Nancy Frates is sharing tributes she’s received after her son’s death from ALS

"Pete will be the spark that ignited the fire to destroy ALS."

Pete Frates, a former Boston College baseball player stricken with ALS whose Ice Bucket Challenge has raised millions for ALS research, is applauded by Boston Red Sox general manager Ben Cherington, far left, and his wife Julie Frates, middle, along with other family members prior to the home opener baseball game between the Boston Red Sox and the Washington Nationals at Fenway Park in Boston, Monday, April 13, 2015. (AP Photo/Elise Amendola)
Pete Frates is applauded at Fenway Park in 2015. –Elise Amendola / AP, File

“We lost a giant in this community.”

“One of the strongest human beings to ever walk the earth.”

“The only thing greater than his impact on ALS research was his impact on our community.”

The tributes continue to flood in a day after Pete Frates, the Beverly native who championed the ALS Ice Bucket Challenge, passed away at the age of 34 from the degenerative disease he’d battled since 2012.

“Pete was an inspiration to so many people around the world who drew strength from his courage and resiliency,” his family said in a statement on Monday. “A natural born leader and the ultimate teammate, Pete was a role model for all, especially young athletes, who looked up to him for his bravery and unwavering positive spirit in the face of adversity. He was a noble fighter who inspired us all to use our talents and strengths in the service of others.”


Frates, a former captain of the Boston College baseball team, was diagnosed with ALS at the age of 27. In 2014, he helped boost awareness of the disease after he was nominated to perform the Ice Bucket Challenge, tapping into the vast Boston sports community. The challenge quickly became a viral sensation, with entire cities, celebrities, tech moguls, and even former presidents filming themselves getting doused with ice water to raise awareness for ALS. The campaign has been credited with raising over $225 million worldwide.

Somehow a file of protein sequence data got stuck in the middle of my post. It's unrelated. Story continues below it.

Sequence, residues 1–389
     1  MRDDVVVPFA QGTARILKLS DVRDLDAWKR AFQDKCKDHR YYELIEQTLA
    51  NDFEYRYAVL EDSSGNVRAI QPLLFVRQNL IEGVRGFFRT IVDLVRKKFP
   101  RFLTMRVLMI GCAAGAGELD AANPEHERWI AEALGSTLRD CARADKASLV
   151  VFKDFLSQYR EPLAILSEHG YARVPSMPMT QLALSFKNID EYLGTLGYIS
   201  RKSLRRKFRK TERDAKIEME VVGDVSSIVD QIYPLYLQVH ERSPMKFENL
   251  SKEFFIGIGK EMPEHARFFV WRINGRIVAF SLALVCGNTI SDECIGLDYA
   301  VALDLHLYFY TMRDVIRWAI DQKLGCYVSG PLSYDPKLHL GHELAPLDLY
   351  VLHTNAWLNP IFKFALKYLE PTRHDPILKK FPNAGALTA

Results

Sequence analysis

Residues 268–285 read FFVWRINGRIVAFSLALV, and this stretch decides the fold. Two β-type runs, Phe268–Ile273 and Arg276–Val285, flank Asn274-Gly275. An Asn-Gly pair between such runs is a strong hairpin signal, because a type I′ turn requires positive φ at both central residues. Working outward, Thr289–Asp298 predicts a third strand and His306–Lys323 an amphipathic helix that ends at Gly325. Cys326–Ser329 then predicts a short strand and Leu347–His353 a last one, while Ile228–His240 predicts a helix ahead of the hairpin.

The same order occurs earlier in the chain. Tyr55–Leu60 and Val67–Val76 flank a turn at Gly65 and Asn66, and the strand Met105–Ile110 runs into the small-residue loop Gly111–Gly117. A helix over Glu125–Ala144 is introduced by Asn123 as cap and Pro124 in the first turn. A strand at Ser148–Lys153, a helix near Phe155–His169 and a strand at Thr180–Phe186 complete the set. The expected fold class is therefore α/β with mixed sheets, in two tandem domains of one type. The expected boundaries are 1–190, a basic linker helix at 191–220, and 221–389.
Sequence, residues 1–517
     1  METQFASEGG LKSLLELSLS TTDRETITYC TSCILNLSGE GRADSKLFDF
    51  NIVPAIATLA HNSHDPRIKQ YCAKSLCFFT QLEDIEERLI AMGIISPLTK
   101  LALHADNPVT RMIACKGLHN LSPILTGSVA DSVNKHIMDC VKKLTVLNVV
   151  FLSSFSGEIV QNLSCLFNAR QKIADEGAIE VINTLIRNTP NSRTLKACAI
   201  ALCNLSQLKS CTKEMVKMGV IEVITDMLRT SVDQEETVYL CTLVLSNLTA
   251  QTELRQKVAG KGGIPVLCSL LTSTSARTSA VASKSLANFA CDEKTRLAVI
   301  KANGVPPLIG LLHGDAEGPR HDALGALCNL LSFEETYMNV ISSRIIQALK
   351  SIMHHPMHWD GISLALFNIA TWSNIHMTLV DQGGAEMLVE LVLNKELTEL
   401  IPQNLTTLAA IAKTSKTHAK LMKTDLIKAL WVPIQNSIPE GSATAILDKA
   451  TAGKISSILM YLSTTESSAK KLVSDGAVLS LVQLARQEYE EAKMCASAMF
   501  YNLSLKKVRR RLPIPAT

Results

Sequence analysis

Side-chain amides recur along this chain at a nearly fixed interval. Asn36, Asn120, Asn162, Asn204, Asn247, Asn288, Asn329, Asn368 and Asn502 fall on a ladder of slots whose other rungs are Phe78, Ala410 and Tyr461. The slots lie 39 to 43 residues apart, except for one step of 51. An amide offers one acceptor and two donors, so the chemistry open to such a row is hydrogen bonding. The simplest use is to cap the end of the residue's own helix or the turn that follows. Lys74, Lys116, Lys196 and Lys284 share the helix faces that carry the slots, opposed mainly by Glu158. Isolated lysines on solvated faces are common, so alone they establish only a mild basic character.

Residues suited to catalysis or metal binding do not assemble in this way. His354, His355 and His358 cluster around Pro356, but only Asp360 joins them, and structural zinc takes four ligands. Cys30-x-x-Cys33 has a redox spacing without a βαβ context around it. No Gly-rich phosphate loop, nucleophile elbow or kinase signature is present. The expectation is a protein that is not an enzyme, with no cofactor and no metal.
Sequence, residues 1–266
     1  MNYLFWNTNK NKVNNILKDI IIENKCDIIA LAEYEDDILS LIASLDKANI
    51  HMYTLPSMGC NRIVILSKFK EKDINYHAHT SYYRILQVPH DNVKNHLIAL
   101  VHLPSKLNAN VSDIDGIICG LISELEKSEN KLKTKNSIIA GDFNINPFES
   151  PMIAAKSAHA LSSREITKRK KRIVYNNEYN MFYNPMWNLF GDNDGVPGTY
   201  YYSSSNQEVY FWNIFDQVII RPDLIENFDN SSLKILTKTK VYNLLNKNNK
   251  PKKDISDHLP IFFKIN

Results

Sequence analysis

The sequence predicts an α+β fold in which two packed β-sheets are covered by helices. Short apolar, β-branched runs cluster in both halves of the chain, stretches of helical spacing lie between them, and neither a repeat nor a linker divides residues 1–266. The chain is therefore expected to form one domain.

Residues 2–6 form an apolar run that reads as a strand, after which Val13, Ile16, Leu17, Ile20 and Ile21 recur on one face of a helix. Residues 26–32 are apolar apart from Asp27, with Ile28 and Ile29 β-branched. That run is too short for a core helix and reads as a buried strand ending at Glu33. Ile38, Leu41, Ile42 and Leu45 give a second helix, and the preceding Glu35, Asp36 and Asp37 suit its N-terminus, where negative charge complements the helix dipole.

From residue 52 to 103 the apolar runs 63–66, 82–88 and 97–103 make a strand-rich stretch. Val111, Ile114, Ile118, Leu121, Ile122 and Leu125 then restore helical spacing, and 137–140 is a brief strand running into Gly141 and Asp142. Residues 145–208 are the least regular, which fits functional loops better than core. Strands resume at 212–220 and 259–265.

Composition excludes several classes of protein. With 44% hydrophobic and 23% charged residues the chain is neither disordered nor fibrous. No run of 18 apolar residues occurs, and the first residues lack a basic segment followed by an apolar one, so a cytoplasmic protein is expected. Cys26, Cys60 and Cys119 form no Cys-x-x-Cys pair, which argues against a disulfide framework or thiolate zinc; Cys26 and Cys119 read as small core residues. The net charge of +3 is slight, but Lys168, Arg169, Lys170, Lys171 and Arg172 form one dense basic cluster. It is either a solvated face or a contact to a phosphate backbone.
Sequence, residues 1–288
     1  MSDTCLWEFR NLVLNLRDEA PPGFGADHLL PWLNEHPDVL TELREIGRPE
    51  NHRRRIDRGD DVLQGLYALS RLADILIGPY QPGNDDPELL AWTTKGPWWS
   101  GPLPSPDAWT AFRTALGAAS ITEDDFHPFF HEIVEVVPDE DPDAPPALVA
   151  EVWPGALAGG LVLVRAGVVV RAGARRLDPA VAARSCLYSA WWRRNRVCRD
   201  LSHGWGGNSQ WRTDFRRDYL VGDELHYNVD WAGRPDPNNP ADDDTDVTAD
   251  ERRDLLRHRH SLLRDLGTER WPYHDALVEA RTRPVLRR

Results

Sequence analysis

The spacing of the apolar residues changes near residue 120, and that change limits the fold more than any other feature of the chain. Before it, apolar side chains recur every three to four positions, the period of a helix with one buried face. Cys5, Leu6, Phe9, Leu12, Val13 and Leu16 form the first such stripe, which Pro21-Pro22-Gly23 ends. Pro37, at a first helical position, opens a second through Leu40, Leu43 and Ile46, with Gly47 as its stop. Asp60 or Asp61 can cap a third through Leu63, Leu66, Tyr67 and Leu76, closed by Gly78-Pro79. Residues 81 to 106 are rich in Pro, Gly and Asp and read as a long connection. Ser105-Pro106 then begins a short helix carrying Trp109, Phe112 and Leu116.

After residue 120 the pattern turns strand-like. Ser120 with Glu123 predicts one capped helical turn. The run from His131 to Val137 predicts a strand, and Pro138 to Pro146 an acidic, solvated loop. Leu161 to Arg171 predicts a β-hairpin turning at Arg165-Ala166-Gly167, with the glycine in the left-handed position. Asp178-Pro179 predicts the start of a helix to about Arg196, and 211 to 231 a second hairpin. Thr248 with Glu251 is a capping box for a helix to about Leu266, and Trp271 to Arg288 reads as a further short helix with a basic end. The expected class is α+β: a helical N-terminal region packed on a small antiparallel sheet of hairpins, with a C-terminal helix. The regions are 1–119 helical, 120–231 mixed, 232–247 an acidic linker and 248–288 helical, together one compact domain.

Since his death, Nancy Frates has been re-sharing the memorial messages for her son, thanking those who have spoken to his lasting impact and legacy in the fight to find a cure for the motor neurone disease, also known as Lou Gehrig’s disease.

Early Tuesday, she shared a message from her son’s college roommate, Joe Ayers.

“None of us got an answer to – Why Pete? Why ALS?” Ayers wrote. “Instead we learned we had a hero with the abilities to make the world a better place. They said ‘diagnosis’ and he heard ‘challenge of a lifetime.’ They said ‘natural progression’ and he went out and walked his dream girl down the aisle and they had the love of his life. They said ‘no cure’ and he looked the disease in the face and added, ‘yet.’ When history looks back, Pete will be the spark that ignited the fire to destroy ALS.”


Nancy Frates also wrote that the eighth annual “Plunge 4 Pete” — a fundraiser held each year for ALS research — will go on as planned, on what would have been her son’s 35th birthday. Participants will “enjoy a nice refreshing winter dip” at Good Harbor Beach in Gloucester.

 So far, the fundraiser has raised $5,000 of the $50,000 goal for 2019 event on Dec. 28. 

“LET’S ROCK IT THIS YEAR FOR PETE!!!” Nancy Frates wrote Tuesday of the event. 


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